The year 2017.
It was, well…it was.
And now it’s over. Thank goodness, right?
Well, something tells me 2018 won’t be much different from this past year. In fact, it will likely be more of the same…politically, socially, culturally and musically. We’ve already seen evidence and it’s only two weeks old.
Last year, the U.S. saw a political sea change resulting from a presidential transition that took this country from one extreme to the polar opposite (I’ll leave it to readers to define those extremes although most know where I stand).
Socially and culturally, Americans are still reconciling where they stand on matters involving race, gender-identity, sexual harassment/assault allegations, immigration, religious freedom and discrimination.
None of that will go away with the recent flip of the calendar.
But this blog deals with music. And just like any other year, music continued to evolve in 2017 with the emergence of new artists, new songs and new milestones.
It was the year of veterans like Ed Sheeran, Taylor Swift, Bruno Mars and Imagine Dragons.
It was also the year that SoundCloud turned relative unknowns into platinum artists almost overnight and newer artists like Migos, SZA, Khalid, Cardi B and Lil Uzi Vert made waves for the first time.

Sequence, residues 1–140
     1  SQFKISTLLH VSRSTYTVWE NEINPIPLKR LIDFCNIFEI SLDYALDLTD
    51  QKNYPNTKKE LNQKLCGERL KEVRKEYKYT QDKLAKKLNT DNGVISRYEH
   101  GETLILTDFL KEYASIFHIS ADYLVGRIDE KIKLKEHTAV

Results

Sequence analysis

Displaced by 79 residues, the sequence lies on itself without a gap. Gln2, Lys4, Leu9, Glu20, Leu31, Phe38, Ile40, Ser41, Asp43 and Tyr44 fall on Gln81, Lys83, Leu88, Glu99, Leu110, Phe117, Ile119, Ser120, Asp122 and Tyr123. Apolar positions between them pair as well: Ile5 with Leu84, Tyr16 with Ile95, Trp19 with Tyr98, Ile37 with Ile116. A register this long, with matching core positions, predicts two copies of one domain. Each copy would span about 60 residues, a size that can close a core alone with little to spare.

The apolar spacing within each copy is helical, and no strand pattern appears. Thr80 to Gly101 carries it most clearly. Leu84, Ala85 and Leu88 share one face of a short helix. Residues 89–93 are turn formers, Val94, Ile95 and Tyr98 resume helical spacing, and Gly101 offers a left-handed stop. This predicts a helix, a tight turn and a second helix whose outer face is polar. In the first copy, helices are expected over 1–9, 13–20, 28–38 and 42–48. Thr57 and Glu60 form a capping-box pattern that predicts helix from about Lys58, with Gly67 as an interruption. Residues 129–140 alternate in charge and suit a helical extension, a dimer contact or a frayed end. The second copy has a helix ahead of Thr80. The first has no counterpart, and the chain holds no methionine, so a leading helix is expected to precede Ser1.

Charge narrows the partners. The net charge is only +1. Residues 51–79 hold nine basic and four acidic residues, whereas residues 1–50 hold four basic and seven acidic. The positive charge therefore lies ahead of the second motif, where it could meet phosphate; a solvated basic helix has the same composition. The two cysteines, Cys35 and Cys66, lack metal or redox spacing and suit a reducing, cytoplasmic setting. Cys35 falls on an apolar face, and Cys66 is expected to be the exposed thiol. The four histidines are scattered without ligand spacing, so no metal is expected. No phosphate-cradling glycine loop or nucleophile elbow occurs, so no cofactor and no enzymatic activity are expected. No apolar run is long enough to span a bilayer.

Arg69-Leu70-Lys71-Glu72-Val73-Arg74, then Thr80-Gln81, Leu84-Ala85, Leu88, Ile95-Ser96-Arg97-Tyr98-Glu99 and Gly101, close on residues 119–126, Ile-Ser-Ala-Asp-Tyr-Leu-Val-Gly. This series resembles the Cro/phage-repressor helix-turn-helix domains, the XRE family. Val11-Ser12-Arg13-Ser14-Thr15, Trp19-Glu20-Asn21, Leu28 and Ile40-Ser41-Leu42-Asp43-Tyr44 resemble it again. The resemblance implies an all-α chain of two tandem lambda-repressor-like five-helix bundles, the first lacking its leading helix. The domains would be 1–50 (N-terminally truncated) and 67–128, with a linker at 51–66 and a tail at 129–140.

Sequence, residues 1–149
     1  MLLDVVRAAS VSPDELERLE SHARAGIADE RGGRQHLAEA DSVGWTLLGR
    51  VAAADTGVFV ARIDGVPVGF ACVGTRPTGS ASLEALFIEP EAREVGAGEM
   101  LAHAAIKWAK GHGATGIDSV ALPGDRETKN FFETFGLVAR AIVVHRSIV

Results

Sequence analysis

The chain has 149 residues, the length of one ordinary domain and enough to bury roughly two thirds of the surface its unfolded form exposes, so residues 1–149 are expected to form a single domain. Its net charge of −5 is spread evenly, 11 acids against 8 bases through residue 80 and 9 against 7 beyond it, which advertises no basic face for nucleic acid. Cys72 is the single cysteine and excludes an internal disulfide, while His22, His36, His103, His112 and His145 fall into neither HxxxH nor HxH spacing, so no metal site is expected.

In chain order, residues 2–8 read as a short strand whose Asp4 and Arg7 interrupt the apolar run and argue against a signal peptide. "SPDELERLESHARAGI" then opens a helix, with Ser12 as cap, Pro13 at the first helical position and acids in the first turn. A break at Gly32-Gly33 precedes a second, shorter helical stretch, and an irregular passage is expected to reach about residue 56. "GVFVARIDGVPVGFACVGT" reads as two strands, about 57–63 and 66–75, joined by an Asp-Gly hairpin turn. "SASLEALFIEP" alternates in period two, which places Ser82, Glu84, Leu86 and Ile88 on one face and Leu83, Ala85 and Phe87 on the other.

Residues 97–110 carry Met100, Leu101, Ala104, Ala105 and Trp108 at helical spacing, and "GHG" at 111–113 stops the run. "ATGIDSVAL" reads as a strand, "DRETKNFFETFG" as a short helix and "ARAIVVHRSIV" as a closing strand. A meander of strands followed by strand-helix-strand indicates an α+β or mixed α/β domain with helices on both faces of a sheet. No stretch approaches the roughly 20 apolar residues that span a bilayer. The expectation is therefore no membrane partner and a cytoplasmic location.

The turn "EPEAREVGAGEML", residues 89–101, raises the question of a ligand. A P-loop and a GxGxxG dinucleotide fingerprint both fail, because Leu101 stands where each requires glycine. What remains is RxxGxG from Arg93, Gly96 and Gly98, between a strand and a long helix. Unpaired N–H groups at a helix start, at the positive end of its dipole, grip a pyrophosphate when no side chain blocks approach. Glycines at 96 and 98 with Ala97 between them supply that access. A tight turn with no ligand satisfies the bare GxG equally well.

It was the year of “Despacito” and “Shape of You,” and not necessarily in that order. It was the year of Kendrick Lamar and DAMN., which further cemented the rapper as current hip-hop royalty. Lamar’s DAMN. finished the year as Billboard’s top album (and earned him several Grammy nods as well).
It was the year that hip-hop and R&B (with much less emphasis on the R&B part) finally proved numbers-wise what its progeny has been boasting for years: that it is now king of the music world, with consumption numbers that overtook rock for the first time in history. That also won’t likely change in 2018, as hip-hop continues to dominate streaming – now the biggest source of music consumption in the U.S.
Every year around this time we celebrate the biggest hits by the past year’s biggest artists with awards shows, countdowns and playlists that remind us what we’ve been listening and dancing to for the past 12 months.
But djrobblog commemorates the year gone by with its 3rd-annual recap of the songs that should’ve been bigger hits, but were not. This year, we’ve picked seventeen songs from 2017 that either didn’t make the Billboard Hot 100 or did but failed to make the top half of that flagship list during the year.
Who knows, maybe in 2018 or sometime in the future they’ll see the light of day and blow up.
As always, the songs are available in our special Spotify playlist as well as the below list. Give them a listen, see what you think and feel free to comment either here or on the Facebook page.
An 85-yr-old Petula Clark (yes, the ‘60s sensation who gave us classics like “Downtown” and “I Know A Place”) took on fellow countryman Steve Winwood’s optimistic breakthrough single from 1981 and gave it a darker, more somber feel. More impressive than her ability to completely transform the song was how convincing Clark was as a new-age pop chanteuse in her version. Seeing her do it live in December was icing on the cake. But it never charted because 21st-century radio would NEVER take a chance on someone who was born before WWII.